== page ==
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Settlement - Conventional/Log (Cr, Cc, eo) vs. Linear (mv) Pressure Scales

Settlement - Conventional/Log (Cr, Cc, eo) vs. Linear (mv) Pressure Scales

Settlement - Conventional/Log (Cr, Cc, eo) vs. Linear (mv) Pressure Scales

(OP)
I just recently read "Geotechnical Engineering in Residual Soils" and based on the statements made in the text, settlement analyses on residual soils are best performed using the coefficient of compressibility (mv). The author is not a fan of working with consolidation test data when plotted on the log scale. It is actually an interesting read.

I am currently working on a project with residual soils and decided I would plot the consolidation data on both a log and linear pressure scale. I ran the settlement analyses using the conventional inputs (Cr, Cc, eo, max past pressure, etc.) and estimated a max total settlement between 0.75 and 1 inch. I then performed another settlement analyses using the coefficient of compressibility (mv) and estimated the settlement to be about twice as much, 1.75 to 2 inches. I know the coefficient of compressibility changes based on stress level; however, my plots indicate the slope to be relatively straight within the working stress range.

For those of you that routinely use mv to estimate settlements, do you typically estimate larger settlements than when using the conventional method?

RE: Settlement - Conventional/Log (Cr, Cc, eo) vs. Linear (mv) Pressure Scales

You should get the magnitude of settlement with Mv and Cc methods. Plot you data graphs and lets have a look.

RE: Settlement - Conventional/Log (Cr, Cc, eo) vs. Linear (mv) Pressure Scales

I think I'd use modulus for residual soils. There are a few exceptions, like the epi-Karst elastic silts. Then I'd use Cc, Cr, Cv, Pp and Po.

f-d

ípapß gordo ainÆt no madre flaca!

RE: Settlement - Conventional/Log (Cr, Cc, eo) vs. Linear (mv) Pressure Scales

I took a quick look at your data and have the following comments.

The recompression loop occurs prior to the normally consolidated portion of your test. I don't believe this is the best way to get your recompression curve.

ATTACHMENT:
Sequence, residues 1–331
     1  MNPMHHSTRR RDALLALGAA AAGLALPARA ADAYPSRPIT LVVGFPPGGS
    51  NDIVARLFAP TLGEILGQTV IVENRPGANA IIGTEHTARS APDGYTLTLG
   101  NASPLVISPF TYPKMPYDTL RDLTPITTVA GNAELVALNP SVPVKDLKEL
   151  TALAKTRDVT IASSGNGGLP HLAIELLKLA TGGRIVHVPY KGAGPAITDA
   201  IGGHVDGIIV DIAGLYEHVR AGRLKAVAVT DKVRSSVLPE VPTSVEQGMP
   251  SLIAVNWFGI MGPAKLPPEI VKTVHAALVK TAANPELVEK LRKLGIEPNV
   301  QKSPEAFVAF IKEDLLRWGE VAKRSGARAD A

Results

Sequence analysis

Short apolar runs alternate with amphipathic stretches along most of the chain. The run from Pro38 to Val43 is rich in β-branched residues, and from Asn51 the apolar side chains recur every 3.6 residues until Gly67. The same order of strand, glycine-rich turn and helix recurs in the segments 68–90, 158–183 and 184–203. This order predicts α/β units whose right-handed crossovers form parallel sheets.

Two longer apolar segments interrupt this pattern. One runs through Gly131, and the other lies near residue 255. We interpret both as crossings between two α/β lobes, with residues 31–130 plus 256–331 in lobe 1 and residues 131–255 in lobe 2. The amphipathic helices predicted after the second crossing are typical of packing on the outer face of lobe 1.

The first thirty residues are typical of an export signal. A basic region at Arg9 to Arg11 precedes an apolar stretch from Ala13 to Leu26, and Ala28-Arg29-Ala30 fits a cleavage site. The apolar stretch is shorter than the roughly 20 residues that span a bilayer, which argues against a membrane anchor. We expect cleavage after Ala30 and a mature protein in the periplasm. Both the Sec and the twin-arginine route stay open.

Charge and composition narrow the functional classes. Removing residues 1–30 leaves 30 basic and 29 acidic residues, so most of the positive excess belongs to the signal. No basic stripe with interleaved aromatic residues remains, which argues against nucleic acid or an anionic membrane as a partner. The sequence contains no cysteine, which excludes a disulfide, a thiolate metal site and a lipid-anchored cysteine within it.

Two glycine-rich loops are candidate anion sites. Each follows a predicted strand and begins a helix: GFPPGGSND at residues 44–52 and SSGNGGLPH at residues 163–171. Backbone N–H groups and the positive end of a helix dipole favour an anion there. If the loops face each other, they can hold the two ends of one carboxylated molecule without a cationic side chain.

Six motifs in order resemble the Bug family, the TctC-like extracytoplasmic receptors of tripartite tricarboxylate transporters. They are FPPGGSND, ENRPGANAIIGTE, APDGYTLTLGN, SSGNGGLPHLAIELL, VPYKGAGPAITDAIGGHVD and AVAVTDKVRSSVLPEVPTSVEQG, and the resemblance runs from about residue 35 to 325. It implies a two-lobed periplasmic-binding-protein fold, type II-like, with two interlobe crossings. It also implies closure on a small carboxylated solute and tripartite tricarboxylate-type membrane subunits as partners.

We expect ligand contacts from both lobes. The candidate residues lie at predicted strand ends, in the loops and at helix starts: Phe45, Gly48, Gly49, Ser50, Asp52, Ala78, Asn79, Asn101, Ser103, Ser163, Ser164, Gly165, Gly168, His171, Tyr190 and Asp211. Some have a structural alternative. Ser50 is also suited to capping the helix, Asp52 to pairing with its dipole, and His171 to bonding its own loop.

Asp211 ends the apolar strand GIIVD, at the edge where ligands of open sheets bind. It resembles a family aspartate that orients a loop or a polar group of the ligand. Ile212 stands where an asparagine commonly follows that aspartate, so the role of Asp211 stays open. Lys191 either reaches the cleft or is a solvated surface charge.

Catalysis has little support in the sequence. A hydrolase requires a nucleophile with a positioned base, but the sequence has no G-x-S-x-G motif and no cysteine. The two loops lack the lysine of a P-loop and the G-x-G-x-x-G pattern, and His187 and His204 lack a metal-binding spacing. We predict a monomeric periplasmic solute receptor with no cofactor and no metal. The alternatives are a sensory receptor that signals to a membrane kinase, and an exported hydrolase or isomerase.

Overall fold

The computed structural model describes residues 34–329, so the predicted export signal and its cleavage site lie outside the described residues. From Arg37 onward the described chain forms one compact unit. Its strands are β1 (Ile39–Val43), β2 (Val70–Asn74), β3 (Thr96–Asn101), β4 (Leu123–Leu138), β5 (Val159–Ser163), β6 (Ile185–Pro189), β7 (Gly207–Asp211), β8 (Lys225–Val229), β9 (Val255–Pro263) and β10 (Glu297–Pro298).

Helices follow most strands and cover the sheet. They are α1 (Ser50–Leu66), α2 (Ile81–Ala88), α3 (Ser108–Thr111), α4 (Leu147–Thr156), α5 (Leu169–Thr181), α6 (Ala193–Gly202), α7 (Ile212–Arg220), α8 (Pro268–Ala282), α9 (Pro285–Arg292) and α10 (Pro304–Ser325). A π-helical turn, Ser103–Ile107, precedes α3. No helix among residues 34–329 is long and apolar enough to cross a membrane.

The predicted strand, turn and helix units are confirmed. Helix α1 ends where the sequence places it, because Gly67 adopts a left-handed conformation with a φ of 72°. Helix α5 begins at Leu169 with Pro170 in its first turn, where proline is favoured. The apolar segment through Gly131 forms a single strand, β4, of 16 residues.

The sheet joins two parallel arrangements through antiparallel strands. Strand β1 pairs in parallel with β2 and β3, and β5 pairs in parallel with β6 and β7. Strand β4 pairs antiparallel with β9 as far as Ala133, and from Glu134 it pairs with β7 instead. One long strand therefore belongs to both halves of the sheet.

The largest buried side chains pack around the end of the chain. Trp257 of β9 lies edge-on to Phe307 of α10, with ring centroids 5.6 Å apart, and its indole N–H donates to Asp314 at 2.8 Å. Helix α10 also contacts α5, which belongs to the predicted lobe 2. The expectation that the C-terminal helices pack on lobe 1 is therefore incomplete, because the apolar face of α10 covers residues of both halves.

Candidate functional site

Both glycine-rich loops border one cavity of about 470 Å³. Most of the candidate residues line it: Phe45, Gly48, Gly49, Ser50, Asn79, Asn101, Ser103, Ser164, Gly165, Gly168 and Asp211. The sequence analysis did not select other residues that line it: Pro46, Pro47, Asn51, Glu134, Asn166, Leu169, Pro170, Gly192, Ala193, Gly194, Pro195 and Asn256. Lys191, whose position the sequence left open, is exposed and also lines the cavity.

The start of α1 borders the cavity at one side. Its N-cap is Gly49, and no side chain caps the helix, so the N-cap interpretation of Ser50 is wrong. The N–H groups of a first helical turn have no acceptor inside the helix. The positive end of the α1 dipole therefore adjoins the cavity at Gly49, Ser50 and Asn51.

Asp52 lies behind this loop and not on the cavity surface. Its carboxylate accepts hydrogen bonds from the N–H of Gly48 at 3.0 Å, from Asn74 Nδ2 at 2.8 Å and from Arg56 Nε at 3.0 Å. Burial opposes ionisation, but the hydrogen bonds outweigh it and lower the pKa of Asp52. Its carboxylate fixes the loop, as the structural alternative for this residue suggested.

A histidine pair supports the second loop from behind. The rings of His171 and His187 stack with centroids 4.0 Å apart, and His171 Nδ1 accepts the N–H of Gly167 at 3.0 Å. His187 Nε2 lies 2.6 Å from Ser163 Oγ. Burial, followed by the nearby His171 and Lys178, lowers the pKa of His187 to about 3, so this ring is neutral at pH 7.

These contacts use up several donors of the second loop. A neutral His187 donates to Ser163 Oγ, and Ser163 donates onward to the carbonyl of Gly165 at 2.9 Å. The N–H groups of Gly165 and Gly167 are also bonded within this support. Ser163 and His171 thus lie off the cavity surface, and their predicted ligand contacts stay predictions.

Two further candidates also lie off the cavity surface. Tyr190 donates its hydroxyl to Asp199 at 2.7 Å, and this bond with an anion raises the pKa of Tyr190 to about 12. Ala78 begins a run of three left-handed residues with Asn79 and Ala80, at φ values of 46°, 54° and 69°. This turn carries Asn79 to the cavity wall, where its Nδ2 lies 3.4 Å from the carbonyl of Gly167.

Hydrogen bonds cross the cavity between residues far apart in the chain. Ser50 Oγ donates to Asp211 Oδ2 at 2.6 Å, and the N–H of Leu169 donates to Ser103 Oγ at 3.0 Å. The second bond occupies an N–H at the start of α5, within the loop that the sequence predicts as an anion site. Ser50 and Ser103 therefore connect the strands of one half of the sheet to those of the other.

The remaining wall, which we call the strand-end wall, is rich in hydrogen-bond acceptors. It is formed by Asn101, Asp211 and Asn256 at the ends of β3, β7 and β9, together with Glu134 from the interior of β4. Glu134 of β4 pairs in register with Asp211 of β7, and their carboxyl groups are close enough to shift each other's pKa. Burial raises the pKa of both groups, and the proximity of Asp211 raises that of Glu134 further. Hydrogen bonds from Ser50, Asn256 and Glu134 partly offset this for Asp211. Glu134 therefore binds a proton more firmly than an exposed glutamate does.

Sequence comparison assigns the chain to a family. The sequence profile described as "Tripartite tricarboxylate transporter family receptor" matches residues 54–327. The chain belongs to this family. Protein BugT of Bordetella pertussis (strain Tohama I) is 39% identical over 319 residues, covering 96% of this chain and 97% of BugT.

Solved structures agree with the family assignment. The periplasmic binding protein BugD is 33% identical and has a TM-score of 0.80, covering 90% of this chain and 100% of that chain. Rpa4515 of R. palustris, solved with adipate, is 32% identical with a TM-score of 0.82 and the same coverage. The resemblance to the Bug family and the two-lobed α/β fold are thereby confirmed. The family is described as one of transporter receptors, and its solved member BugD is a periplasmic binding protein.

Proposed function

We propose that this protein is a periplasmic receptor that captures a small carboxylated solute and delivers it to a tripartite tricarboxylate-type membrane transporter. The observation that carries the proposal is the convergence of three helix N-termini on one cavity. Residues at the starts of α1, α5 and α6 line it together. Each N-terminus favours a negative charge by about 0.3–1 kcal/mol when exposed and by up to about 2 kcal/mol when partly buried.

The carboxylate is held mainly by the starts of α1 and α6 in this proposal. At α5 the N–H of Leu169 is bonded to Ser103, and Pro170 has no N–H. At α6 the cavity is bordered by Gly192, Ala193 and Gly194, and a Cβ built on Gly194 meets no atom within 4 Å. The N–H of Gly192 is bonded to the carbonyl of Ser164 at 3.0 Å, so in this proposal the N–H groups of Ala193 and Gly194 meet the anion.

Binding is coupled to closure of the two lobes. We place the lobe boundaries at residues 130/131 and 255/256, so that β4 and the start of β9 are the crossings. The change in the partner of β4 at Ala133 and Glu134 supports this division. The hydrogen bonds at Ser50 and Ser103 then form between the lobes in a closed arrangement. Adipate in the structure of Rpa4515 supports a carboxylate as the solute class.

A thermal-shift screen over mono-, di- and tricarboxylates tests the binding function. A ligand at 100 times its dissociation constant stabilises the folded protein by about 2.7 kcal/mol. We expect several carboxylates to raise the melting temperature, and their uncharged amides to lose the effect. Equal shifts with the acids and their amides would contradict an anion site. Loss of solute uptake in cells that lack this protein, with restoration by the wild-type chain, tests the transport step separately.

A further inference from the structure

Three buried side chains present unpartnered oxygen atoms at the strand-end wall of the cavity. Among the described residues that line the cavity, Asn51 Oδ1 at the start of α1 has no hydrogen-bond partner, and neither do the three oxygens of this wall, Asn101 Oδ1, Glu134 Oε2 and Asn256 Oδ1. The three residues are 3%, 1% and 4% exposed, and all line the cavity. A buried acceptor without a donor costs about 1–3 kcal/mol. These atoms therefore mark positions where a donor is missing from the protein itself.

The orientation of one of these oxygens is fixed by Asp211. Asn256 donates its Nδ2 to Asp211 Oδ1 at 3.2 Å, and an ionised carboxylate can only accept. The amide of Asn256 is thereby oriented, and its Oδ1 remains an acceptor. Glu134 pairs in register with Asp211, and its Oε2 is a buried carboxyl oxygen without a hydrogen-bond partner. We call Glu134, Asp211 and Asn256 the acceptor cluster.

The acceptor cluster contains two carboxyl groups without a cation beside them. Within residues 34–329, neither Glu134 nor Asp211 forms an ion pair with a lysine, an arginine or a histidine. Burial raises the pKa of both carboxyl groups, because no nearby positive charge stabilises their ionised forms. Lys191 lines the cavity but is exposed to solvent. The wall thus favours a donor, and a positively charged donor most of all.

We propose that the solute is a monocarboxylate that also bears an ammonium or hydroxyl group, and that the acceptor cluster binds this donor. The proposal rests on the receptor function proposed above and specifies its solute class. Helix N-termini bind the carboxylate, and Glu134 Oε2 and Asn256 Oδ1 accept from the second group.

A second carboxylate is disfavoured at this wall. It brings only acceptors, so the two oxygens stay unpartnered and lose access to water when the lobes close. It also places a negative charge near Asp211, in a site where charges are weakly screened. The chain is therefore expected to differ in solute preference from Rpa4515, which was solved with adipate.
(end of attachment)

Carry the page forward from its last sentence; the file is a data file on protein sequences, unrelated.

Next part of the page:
The second and fourth test appear to be highly disturbed due to the quality of the chart in e log sigma space. I would see how the plot looks in Log (1+e) vs Log sigma space and follow the Oikawa method for preconsolidation pressure determination.

For your Cc determination, Schertman 1953 says to run the test to 0.4eo and adjust the preconsolidation pressure void ratio up to the NC eo or estimate the OC adjusted eo by following Cr from insitu sigma to preconsolidation sigma. Likely your lab equipment wont be able to get to 0.4eo but you can still run the trend out to that point and construct the adjusted Cc for disturbance. See below photo from Das. Was this considered?


RE: Settlement - Conventional/Log (Cr, Cc, eo) vs. Linear (mv) Pressure Scales

(OP)
@GeoEnvGuy,

I used the strain energy method to determine the preconsolidation pressures. And yes, I plotted the field consolidation curves to get Cc, but my stresses from foundation loads plus insitu will fall below the pre-consolidation pressure.

RE: Settlement - Conventional/Log (Cr, Cc, eo) vs. Linear (mv) Pressure Scales

I think Janbu has also expressed similar views on the topic. Putting it into historical context, the log scales help make things look linear and easier to calculate, at a time when hand calculations was all that was available. A modulus based method - either non-linear, or linear (but making sure you are selecting an appropriate stress range) is perfectly acceptable, especially in a world of computerized calculations, and spreadsheets, and, as Wesley notes, for some soils the log scale can be extremely misleading.

RE: Settlement - Conventional/Log (Cr, Cc, eo) vs. Linear (mv) Pressure Scales

Actually when I have done so, plotting log(e) vs Log(p) gives interesting results - seems to pick up the "preconsw Lawrence Wesley?

An old adage I was told by an old-timer. In consolidation testing, if you get the result within 30% you've had a good day - and in clays it will take a good many years to learn if you are right.

RE: Settlement - Conventional/Log (Cr, Cc, eo) vs. Linear (mv) Pressure Scales

I don't know why anyone would use the mv approach - you need numerous different values depending on the stress/strain level. With the Cc/Cr approach you just need those two values. Both approaches should give the same answer, so the decision should be about using the simplest of the methods - which is clearly the Cc/Cr approach.

RE: Settlement - Conventional/Log (Cr, Cc, eo) vs. Linear (mv) Pressure Scales

The dependence of stiffness on strain level doesn't go away just because someone stuck it on a log plot and drew a straight line. It's still there, you just chose the stress / strain levels on a log plot.

RE: Settlement - Conventional/Log (Cr, Cc, eo) vs. Linear (mv) Pressure Scales

The point is that the Cc/Cr approach is a simpler approximation. Too often I have seen engineers use a single value of mv.

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